Real Estate in India is one of the country’s largest contributors to employment and the GDP – with an estimated growth spurt over in the upcoming decades. Historically, it was one of the most strictly protected and guarded sectors – with heavy regulations and rules to avoid speculations and restrict foreign involvement and investment. However, over the last two decades, the Government of India has taken diligent and strategic steps to liberalise the industry. It is essential to understand who can purchase immovable property in India to understand what changes have been made; persons other than residents, such as non-resident Indians and foreign nationals of Indian origin can purchase, while foreign nationals of foreign origin can only acquire property by way of inheritance or lease (for no more than 5 years). The concern of Foreign Direct Investments relates to foreign companies and not individuals, however – which begs the question – can they procure immovable property?
In the past, foreign investors were only permitted to invest, through a wholly owned subsidiary or joint venture with an Indian partner, in the development of townships or settlements. However, in a monumental move, a Press Note issued in 2005 by the Ministry of Commerce and Industry, a distinction was drawn between construction and real estate – allowing the formerly forbidden foreign investment into the sector. This meant that subject to certain conditions, 100% of FDIs under the automatic route were allowed in various areas such as housing, townships, construction development projects including resorts, hospitals, educational and recreational institutions, city and regional infrastructures, and more.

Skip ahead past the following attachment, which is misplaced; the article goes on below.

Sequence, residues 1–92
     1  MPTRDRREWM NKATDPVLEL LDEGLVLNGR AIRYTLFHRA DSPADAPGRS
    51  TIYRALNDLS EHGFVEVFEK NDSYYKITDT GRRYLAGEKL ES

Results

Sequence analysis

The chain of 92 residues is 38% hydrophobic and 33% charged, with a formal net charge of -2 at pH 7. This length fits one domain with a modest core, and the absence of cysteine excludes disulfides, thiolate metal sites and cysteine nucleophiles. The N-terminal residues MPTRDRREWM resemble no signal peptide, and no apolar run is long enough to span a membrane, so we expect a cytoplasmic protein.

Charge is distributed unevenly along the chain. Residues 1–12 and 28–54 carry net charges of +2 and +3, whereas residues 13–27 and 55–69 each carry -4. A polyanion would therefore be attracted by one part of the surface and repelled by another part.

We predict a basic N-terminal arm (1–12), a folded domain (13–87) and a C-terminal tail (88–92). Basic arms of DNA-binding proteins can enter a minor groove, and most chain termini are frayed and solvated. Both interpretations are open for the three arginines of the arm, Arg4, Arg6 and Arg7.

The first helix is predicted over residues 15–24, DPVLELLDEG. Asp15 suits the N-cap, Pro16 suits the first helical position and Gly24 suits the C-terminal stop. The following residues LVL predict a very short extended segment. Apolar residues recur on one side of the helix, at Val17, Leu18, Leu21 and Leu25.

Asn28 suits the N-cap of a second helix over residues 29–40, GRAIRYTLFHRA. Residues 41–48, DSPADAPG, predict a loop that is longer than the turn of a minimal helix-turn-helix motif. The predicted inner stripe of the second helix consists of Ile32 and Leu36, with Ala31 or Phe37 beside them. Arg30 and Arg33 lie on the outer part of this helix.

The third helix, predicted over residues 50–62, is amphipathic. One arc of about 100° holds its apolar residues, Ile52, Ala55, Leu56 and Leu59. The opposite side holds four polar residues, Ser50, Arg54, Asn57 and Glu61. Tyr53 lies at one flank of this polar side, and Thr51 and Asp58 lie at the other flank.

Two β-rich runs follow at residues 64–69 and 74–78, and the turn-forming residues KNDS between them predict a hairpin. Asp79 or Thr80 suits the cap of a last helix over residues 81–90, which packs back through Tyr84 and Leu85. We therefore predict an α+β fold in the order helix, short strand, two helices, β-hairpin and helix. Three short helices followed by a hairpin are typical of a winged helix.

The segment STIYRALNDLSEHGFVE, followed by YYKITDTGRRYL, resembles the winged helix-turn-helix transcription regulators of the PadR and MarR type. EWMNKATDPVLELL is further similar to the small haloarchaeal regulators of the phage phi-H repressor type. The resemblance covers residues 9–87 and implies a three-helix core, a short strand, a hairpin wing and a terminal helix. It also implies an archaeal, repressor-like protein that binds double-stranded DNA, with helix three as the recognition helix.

However, it was essential that certain guidelines be followed:
Despite the leaps and bounds of progress that has been made in the real estate and FDI relationship, there is a barrage of grey areas left untouched by the law and the government, leading to confusion and overlaps. FDI in completed assets is not permitted if the intent of the investor is to transfer the property – however if the intent is to earn income via rent. In this light, there are questions as to whether the current FDI norms are indeed liberal or if they have remained conservative.
The only possible solution appears to be a complete restructuring of FDI policies and norms – especially considering the damages that have been caused by the COVID-19 pandemic to the real estate industry. The new policy will ideally comprise regulations regarding FDIs for completed assets as well; allowing for the real estate industry to develop further by way of foreign investments